3 different ways to handle your home in your estate plan

If you are like many Americans, your home is your most valuable piece of property. It could be one of the main assets that you leave behind when you die.

Whether you want to leave your home to one specific person or hope that your heirs will split the value of the property after you die, there are numerous ways for you to handle the transfer of real estate as part of your estate.

The following three options are among the most common ways for people to handle real estate transfers while estate planning.

You can leave the home to one person or order in executor to sell it

The most basic way to handle a piece of real estate in your estate plan will involve naming someone to inherit the property. However, you might also leave it to the estate itself and allow the executor to sell the property and split the proceeds among multiple beneficiaries.

You can transfer ownership of the home to a trust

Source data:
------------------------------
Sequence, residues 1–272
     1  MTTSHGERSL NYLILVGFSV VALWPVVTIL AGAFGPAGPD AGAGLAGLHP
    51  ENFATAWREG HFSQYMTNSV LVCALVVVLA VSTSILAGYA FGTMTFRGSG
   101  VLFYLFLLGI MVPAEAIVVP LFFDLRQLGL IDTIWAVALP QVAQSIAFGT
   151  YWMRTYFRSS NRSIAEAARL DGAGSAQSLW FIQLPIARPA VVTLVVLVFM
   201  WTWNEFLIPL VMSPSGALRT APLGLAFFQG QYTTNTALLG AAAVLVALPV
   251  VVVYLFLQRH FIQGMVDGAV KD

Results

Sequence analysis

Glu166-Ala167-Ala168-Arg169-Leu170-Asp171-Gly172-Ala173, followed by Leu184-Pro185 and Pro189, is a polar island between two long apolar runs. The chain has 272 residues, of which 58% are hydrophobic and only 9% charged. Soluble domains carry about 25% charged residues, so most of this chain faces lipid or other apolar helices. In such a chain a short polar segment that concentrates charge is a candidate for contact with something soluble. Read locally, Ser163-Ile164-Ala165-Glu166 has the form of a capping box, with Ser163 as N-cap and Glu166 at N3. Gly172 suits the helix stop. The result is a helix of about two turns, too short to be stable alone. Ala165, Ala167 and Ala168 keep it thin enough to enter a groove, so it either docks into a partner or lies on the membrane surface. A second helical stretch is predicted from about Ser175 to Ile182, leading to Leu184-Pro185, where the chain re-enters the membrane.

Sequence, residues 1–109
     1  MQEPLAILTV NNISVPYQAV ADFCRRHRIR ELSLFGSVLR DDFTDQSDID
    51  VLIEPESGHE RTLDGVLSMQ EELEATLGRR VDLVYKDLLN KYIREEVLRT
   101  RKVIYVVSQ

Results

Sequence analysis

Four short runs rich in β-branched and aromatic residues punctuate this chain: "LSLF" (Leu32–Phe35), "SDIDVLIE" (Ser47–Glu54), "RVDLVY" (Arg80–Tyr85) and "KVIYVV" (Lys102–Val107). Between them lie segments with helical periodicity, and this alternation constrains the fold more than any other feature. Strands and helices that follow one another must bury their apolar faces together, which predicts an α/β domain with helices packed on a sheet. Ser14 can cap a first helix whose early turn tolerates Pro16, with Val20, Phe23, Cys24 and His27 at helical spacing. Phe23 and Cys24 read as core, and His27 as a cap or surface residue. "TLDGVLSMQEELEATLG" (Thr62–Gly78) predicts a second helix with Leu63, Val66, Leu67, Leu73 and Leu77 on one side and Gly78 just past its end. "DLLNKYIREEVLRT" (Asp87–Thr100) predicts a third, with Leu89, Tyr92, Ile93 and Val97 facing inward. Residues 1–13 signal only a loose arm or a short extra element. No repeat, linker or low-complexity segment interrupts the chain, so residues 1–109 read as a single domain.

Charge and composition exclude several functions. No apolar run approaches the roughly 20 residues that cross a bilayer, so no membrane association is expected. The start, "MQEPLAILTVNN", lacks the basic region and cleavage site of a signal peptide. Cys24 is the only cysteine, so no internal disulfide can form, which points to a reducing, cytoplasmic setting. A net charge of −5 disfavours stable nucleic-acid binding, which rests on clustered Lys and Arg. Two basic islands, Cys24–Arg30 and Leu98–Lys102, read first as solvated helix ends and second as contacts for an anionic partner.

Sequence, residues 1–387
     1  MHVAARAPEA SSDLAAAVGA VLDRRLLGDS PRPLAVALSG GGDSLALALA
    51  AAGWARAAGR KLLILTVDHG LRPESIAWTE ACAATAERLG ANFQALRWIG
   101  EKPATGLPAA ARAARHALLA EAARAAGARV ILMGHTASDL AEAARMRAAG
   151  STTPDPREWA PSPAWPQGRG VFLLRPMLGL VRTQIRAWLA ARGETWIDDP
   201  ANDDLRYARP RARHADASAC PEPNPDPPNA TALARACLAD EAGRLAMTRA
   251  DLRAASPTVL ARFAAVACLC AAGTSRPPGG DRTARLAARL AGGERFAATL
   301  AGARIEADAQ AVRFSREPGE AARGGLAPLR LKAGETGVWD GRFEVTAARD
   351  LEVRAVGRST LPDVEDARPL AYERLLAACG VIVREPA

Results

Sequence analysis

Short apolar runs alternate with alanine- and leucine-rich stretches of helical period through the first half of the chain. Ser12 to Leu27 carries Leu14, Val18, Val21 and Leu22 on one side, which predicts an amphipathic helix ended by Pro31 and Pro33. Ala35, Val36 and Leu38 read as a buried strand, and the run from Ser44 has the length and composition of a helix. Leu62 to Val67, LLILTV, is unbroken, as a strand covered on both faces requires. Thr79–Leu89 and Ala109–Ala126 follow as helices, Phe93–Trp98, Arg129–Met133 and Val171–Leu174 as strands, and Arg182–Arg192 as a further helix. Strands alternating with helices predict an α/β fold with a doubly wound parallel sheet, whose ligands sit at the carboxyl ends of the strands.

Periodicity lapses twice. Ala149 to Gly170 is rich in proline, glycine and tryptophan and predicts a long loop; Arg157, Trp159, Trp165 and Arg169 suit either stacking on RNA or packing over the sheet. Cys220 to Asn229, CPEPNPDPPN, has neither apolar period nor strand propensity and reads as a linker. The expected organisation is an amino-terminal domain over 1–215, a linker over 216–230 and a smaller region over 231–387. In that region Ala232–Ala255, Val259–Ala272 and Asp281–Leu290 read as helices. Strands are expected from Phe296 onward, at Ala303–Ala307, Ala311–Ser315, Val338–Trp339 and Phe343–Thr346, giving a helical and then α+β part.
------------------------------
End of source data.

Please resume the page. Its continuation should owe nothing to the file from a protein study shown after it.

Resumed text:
Using a trust to pass on your home can be a great decision in certain circumstances. A trust can help you bypass probate court requirements. It can also protect someone’s right to live in the property without inheriting its value and without giving them the right to sell the property. Finally, a trust also gives you the authority to bequeath the property to someone else or order its sale when the initial beneficiary dies.

You can change ownership paperwork to protect your partner

If you jointly own the home with a spouse or other partner, they will have to take special steps to remove you from the deed after you die. Executing a deed so that the two of you have joint ownership with rights of survivorship will ensure that your full interest in the property will pass cleanly and quickly to the other person at the time of your death.

Exploring these and other options for real estate can help you tailor the solutions in your estate plan to your financial and family needs. Your estate planning attorney can help you.